Phill Kline returns to Kansas today to answer allegations that he misled judges and mishandled evidence in his dogged pursuit of abortion clinics.
Hanging in the balance is Kline’s reputation, his law license and the final verdict on his long investigation of Planned Parenthood and Wichita abortion provider George Tiller, who was slain in 2009.
Kline, a Republican and former attorney general and Johnson County district attorney, now teaches law at Liberty University in Virginia. His Kansas law license is inactive, but a finding that he violated his professional ethics could make it more difficult for him to join the bar in another state.
Kline last week declined to publicly discuss the case against him. So did his attorneys and a publicist representing him.
But Kline has no shortage of vocal defenders. Anti-abortion groups such as Kansans for Life and Operation Rescue contend the hearings are an attempt to tarnish Kline’s work and protect abortion providers from prosecution.
Mary Kay Culp, director of Kansans for Life, said she wished the courts were as concerned about the criminal allegations raised by Kline as they are about the ethics accusations facing him.
“If this were any other man, if this were any other issue, I don’t think this would be happening,” Culp said of today’s hearings.
A panel of three lawyers will sit in judgment of Kline. Seven days have been set aside for the hearing, which is drawing national attention.
Disciplinary administrator Stanton Hazlett will present evidence in support of the allegations, and attorneys for Kline will mount his defense. Witnesses — including a judge who oversaw parts of Kline’s investigation — will testify.
If the panel finds Kline in violation of ethical rules, it will recommend any discipline to the Kansas Supreme Court. Punishment could range from censure to disbarment.
Kline’s investigation of Planned Parenthood and Tiller began shortly after he became attorney general in 2003 and continued when he became district attorney in 2007. Kline accused the abortion providers of violating state law and covering for pedophiles by not reporting pregnancies of underage girls. He sought medical records of former patients to prove his case.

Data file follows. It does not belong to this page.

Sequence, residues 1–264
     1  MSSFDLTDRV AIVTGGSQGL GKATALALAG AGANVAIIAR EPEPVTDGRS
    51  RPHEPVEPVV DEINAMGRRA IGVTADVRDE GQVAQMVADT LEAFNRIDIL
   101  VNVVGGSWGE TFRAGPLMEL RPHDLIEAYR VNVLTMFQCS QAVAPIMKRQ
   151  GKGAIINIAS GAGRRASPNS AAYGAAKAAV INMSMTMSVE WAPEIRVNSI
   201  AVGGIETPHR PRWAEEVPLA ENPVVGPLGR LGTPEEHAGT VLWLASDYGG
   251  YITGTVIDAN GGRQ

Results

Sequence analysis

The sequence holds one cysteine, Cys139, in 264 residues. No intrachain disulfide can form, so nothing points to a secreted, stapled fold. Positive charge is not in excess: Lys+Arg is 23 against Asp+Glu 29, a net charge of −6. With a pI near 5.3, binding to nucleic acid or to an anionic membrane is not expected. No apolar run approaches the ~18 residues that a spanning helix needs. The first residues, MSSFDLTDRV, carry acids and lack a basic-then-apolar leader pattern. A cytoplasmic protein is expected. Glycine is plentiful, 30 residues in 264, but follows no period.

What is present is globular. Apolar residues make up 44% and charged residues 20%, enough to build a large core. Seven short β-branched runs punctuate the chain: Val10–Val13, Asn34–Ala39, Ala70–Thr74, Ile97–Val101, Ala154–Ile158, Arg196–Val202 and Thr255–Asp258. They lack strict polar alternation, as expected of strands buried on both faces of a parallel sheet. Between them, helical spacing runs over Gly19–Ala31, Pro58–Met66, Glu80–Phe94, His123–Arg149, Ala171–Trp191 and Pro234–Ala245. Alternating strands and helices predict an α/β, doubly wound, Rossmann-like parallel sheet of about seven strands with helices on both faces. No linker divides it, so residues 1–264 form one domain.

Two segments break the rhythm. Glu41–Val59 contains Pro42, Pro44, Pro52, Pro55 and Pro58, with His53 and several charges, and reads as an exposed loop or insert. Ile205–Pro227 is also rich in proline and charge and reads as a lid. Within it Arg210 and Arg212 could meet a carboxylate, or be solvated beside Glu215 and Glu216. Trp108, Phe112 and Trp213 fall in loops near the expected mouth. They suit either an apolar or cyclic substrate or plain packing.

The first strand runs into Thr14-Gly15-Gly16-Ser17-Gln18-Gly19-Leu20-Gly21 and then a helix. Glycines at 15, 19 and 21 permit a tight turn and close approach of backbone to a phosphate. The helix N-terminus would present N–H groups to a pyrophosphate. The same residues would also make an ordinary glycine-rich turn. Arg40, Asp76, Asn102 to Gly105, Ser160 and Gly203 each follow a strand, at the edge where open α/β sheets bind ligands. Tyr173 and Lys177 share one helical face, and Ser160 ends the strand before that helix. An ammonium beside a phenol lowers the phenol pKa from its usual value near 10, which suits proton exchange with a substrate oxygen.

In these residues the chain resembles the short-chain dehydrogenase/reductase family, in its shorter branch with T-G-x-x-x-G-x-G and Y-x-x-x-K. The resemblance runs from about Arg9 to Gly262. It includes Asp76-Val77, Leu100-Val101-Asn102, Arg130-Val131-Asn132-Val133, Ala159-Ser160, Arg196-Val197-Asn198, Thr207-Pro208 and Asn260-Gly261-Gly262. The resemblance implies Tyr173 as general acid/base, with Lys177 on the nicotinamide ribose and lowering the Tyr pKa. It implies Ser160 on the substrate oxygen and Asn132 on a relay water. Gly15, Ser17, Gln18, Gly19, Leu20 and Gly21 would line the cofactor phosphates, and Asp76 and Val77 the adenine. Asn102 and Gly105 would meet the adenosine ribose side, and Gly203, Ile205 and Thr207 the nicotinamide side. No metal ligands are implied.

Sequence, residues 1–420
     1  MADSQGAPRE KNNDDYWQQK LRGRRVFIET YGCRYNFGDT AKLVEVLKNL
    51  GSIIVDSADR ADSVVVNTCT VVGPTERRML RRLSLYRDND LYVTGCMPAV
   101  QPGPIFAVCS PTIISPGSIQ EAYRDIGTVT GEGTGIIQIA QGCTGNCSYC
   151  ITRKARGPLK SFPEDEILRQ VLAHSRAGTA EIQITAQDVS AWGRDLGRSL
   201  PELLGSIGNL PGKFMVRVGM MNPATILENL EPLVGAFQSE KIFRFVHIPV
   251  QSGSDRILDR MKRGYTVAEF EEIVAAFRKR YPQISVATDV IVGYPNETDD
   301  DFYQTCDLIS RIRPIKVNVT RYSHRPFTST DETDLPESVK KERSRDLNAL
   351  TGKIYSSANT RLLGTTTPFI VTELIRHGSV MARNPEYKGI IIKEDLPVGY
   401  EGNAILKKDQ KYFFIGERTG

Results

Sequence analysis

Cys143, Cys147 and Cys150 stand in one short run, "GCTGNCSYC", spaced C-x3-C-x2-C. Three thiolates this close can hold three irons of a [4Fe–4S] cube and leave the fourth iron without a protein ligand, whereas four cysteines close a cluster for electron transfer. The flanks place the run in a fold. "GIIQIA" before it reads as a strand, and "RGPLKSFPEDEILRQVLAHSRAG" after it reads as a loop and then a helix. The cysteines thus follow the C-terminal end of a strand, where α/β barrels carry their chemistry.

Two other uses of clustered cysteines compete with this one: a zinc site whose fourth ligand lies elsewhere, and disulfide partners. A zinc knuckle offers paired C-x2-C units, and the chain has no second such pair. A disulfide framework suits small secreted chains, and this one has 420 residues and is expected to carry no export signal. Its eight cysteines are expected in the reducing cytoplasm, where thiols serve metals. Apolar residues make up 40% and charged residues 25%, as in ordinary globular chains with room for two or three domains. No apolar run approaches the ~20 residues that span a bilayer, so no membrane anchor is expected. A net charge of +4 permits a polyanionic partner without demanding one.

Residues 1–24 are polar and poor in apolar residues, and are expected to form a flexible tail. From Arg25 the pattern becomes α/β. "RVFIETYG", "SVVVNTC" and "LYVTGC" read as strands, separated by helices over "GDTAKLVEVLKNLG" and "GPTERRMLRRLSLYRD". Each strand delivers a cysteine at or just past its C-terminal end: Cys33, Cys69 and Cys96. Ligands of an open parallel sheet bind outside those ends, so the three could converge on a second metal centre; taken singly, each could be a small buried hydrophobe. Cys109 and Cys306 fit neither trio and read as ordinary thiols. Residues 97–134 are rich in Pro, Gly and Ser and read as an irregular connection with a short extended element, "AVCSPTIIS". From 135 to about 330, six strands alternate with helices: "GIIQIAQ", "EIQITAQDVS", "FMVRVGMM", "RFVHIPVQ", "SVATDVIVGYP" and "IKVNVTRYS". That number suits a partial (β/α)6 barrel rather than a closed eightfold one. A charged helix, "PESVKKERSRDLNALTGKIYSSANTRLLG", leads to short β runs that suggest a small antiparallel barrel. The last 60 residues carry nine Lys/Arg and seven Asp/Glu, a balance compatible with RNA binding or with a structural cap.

The ethical allegations against Kline include charges that he:
•Told the Supreme Court that his investigation wasn’t seeking identities of specific women who received abortions. But in 2005, investigators allege, Kline’s staff recorded the license plates of visitors to Tiller’s clinic and subpoenaed the guest list from a hotel frequently used by patients.
•Ignored warnings by the court not to talk about the case by discussing it on Bill O’Reilly’s Fox News show.
•Mishandled redacted medical files by storing them in an open garage, a private vehicle and the dining room of an investigator. The complaint also criticized Kline’s staff for copying the records at a Topeka Kinko’s on Kline’s last day as attorney general.
•Misstated the whereabouts of the records. Kline took some copies of the Tiller records with him when he became district attorney but denied doing so before a Shawnee County judge and the Supreme Court.
•Selectively presented information to a Johnson County grand jury investigating Planned Parenthood.
•Relied on data that Kline’s staff knew to be flawed to justify the investigation before a judge.
“This disciplinary proceeding is not about whether abortion is right or wrong,” Hazlett wrote in a letter outlining the allegations to Kline’s attorneys. Instead, “We will argue that Mr. Kline’s strong personal anti-abortion beliefs interfered with his judgment.”
In his formal response, Kline denied any wrongdoing and said his actions were consistent with traditional investigative methods.
Indeed, an internal report by Hazlett’s own investigators seemed to clear Kline of wrongdoing. The 2008 report was prepared by a Topeka attorney tasked by the disciplinary administrator with reviewing the evidence against Kline.
“After reviewing the substantial documentation in this case, it is the opinion of these investigators that there is not probable cause to prove that Phill Kline violated any of the rules of ethics,” the report concluded.
Kline is regarded highly by many anti-abortion groups. A webcast last week designed to bolster support for Kline — and raise money for his legal defense — included testimonials from leaders in the anti-abortion movement and conservative politicians such as Kansas Secretary of State Kris Kobach. About 4,000 people listened in.
Troy Newman, president of Operation Rescue, said Kline was being judged for his anti-abortion views. He worried that the hearings might scare other prosecutors away from investigating abortion clinics. He said he had little doubt that the panel would recommend disbarment.
“This is just a political vendetta against a man with the audacity to take on Planned Parenthood,” Newman said. “How many times are they going to crucify this guy?”
Hearings on the allegations were initially set for last year but were delayed at Kline’s request to give his lawyers more time to prepare.
By David Klepper, 785-354-1388, firstname.lastname@example.org